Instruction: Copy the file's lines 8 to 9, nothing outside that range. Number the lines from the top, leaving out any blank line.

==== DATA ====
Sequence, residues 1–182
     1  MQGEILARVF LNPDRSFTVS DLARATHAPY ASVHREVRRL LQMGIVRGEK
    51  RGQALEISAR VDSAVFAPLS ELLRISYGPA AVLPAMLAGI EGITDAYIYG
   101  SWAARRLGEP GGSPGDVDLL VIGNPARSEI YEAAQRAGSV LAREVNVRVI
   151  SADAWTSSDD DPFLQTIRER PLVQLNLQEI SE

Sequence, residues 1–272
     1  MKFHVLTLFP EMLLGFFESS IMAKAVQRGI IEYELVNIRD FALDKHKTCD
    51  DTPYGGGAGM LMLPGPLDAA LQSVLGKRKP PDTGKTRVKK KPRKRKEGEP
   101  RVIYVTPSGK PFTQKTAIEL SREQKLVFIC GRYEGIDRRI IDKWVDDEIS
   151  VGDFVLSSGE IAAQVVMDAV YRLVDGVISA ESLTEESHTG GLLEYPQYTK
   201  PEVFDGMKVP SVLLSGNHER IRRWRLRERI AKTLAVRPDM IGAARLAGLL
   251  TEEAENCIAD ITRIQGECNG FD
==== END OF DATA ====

    51  DTPYGGGAGM LMLPGPLDAA LQSVLGKRKP PDTGKTRVKK KPRKRKEGEP
   101  RVIYVTPSGK PFTQKTAIEL SREQKLVFIC GRYEGIDRRI IDKWVDDEIS